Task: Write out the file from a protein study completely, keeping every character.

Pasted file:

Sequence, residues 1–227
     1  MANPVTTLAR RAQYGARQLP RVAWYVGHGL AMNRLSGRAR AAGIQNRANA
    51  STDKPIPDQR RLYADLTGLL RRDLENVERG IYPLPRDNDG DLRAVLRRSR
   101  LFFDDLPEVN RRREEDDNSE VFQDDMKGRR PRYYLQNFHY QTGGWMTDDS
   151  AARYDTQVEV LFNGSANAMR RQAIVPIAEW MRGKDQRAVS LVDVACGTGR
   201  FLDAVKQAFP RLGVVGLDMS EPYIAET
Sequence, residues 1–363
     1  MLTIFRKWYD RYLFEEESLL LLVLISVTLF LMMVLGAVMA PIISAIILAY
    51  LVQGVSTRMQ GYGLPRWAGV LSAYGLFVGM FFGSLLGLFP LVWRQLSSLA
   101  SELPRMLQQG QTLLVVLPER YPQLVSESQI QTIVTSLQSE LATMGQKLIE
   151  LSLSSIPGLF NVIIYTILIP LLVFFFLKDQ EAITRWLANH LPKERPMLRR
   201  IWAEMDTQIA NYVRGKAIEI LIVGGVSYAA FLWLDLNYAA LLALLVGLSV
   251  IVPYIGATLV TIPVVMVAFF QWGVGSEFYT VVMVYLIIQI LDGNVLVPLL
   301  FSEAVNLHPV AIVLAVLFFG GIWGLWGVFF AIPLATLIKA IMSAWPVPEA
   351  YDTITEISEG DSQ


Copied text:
Sequence, residues 1–227
     1  MANPVTTLAR RAQYGARQLP RVAWYVGHGL AMNRLSGRAR AAGIQNRANA
    51  STDKPIPDQR RLYADLTGLL RRDLENVERG IYPLPRDNDG DLRAVLRRSR
   101  LFFDDLPEVN RRREEDDNSE VFQDDMKGRR PRYYLQNFHY QTGGWMTDDS
   151  AARYDTQVEV LFNGSANAMR RQAIVPIAEW MRGKDQRAVS LVDVACGTGR
   201  FLDAVKQAFP RLGVVGLDMS EPYIAET
Sequence, residues 1–363
     1  MLTIFRKWYD RYLFEEESLL LLVLISVTLF LMMVLGAVMA PIISAIILAY
    51  LVQGVSTRMQ GYGLPRWAGV LSAYGLFVGM FFGSLLGLFP LVWRQLSSLA
   101  SELPRMLQQG QTLLVVLPER YPQLVSESQI QTIVTSLQSE LATMGQKLIE
   151  LSLSSIPGLF NVIIYTILIP LLVFFFLKDQ EAITRWLANH LPKERPMLRR
   201  IWAEMDTQIA NYVRGKAIEI LIVGGVSYAA FLWLDLNYAA LLALLVGLSV
   251  IVPYIGATLV TIPVVMVAFF QWGVGSEFYT VVMVYLIIQI LDGNVLVPLL
   301  FSEAVNLHPV AIVLAVLFFG GIWGLWGVFF AIPLATLIKA IMSAWPVPEA
   351  YDTITEISEG DSQ